Candy of the Great Depression

For the majority, the 1930s was full of economic hardships. The Great Depression began at the beginning of the decade, and lasted for its entirety. Throughout the hard days, many people listened to the radio. The radio was free to listen to and easily accessible because almost everyone had one prior to the depression. Comedy broadcasts grew in popularity during the 1930s because it was an easy distraction from the struggles and depressors of the time. Other easy distractions such as swing dancing, going to the movies, and eating candy, remained. Since candy was sweet and affordable, it was highly advertised during the Great Depression. During 1928, just before the Great Depression, Walter E. Diemer invented the world’s first bubble gum. Diemer’s recipe was created by accident, and the color of the gum was pink because that was the only food coloring Diemer could find. Dubble Bubble was individually wrapped and was first sold for one cent each. The gum sold out in the first day and was very popular throughout the Great Depression because of how cheap it was.
To try and make some money for the family, the Boyer Brothers, inventors of the Mallo Cup, started their business from their family kitchen. One brother made the candy, the mom and sister did the wrapping, and the other brother went door to door selling the candy. They had so much success with their first product consisting of homemade nut and chocolate raisin clusters, that they started experimenting with other foods covered in chocolate. They originally tried covering marshmallows in chocolate, but that proved unsuccessful when the marshmallow would not harden. The Boyer’s didn’t know what to do until their mom, Emily, suggested putting chocolate and marshmallow into a cupcake wrapper. This was successful, and with the success, the Mallo Cup became the first cup candy in America.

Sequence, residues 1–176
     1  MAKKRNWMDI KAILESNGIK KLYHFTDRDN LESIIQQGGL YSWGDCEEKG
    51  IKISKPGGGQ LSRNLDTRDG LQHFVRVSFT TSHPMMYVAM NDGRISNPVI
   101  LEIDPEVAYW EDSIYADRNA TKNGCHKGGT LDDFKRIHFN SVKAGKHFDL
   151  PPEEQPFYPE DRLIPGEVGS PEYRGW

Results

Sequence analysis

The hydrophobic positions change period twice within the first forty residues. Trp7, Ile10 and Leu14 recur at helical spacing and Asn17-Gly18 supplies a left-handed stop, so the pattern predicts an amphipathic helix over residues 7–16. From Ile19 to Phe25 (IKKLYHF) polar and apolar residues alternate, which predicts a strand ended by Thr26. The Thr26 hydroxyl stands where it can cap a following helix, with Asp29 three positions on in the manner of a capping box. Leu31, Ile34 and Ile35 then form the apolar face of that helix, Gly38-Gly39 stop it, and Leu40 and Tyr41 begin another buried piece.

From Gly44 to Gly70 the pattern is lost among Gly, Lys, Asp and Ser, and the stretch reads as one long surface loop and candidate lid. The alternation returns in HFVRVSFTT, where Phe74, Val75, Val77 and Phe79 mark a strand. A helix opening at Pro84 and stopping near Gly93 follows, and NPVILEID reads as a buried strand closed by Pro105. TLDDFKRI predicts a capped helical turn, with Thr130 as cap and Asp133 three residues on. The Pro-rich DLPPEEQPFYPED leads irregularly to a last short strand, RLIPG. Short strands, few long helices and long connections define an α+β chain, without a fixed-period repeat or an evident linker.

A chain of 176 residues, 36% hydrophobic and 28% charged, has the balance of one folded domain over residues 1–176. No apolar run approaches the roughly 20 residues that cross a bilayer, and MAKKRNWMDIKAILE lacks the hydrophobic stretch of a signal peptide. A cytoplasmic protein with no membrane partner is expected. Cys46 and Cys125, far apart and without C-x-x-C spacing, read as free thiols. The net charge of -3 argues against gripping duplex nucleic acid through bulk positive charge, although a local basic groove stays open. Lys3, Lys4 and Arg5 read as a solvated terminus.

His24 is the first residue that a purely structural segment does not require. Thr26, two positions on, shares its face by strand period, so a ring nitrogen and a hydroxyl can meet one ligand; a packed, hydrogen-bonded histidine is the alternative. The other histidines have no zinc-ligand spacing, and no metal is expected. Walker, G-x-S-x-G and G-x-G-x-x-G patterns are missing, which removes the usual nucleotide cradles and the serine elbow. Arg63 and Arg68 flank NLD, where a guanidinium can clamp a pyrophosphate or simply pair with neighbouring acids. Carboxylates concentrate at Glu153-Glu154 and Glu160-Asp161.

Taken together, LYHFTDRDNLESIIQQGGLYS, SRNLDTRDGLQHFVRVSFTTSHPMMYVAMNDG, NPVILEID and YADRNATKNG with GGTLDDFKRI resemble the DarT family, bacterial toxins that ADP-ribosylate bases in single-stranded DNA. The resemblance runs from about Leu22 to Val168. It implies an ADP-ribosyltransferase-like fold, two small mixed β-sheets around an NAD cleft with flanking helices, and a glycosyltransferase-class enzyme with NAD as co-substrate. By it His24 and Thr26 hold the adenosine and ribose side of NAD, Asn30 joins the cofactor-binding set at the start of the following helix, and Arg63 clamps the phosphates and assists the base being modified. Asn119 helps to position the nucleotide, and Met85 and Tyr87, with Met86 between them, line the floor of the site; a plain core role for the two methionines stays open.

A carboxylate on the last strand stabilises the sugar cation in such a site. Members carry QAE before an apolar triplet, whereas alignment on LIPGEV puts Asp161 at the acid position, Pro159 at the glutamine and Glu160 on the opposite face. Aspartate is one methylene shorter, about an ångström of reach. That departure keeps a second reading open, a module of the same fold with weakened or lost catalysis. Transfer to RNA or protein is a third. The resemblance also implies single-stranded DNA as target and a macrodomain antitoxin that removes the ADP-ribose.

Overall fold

Also beginning in the 1930s were the exploits of Bonnie and Clyde. Bonnie and Clyde became especially well known during this time because of the number of suspected crimes they committed together. Clyde was wanted by the FBI for murder, robbery, and state charges of kidnapping.They would steal from grocery marts, banks, and from others’ homes. Bonnie and Clyde are believed to have met in Texas one evening when Clyde came home and found his sister’s friend, Bonnie Parker, making hot chocolate in the kitchen. It was love at first sight for the both of them. From that night forward, they spent almost every day together and became a team. Clyde, with a few other men, began breaking into small shops while Bonnie began driving the getaway car for Clyde and his gang.
One could say that the hot chocolate Bonnie made that evening was responsible for fostering the love that sparked so many crimes. With the connection to a sweet treat, maybe Bonnie and Clyde stole other popular candies of the time such as candy buttons, Bonomo Turkish Taffy, Nik-L-Nips, Yum Yum Marshmallow Candy Cones, Tootsie Pops, or the high end Choward’s Violet Mints.

Indulge in the many tastes of the 1930s by visiting

by: Amanda Murray

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